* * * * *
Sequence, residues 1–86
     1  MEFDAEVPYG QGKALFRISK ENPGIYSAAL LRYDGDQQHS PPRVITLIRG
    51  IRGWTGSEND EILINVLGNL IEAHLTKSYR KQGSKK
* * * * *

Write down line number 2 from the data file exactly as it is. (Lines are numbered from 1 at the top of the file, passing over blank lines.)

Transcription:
     1  MEFDAEVPYG QGKALFRISK ENPGIYSAAL LRYDGDQQHS PPRVITLIRG